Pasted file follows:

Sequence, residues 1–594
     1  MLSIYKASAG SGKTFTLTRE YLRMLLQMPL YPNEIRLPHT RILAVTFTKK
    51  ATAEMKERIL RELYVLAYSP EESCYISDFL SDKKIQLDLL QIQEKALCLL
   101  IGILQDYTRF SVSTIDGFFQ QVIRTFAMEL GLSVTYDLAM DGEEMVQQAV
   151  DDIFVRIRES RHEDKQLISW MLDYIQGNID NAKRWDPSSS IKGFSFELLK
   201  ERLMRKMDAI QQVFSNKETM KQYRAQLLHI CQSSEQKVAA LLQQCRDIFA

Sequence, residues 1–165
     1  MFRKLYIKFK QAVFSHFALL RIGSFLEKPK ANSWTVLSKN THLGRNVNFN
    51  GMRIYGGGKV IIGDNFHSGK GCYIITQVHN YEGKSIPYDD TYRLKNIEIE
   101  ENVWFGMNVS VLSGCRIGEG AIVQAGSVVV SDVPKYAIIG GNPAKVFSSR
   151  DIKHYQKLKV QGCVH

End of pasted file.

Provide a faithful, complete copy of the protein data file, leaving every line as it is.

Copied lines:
Sequence, residues 1–594
     1  MLSIYKASAG SGKTFTLTRE YLRMLLQMPL YPNEIRLPHT RILAVTFTKK
    51  ATAEMKERIL RELYVLAYSP EESCYISDFL SDKKIQLDLL QIQEKALCLL
   101  IGILQDYTRF SVSTIDGFFQ QVIRTFAMEL GLSVTYDLAM DGEEMVQQAV
   151  DDIFVRIRES RHEDKQLISW MLDYIQGNID NAKRWDPSSS IKGFSFELLK
   201  ERLMRKMDAI QQVFSNKETM KQYRAQLLHI CQSSEQKVAA LLQQCRDIFA

Sequence, residues 1–165
     1  MFRKLYIKFK QAVFSHFALL RIGSFLEKPK ANSWTVLSKN THLGRNVNFN
    51  GMRIYGGGKV IIGDNFHSGK GCYIITQVHN YEGKSIPYDD TYRLKNIEIE
   101  ENVWFGMNVS VLSGCRIGEG AIVQAGSVVV SDVPKYAIIG GNPAKVFSSR
   151  DIKHYQKLKV QGCVH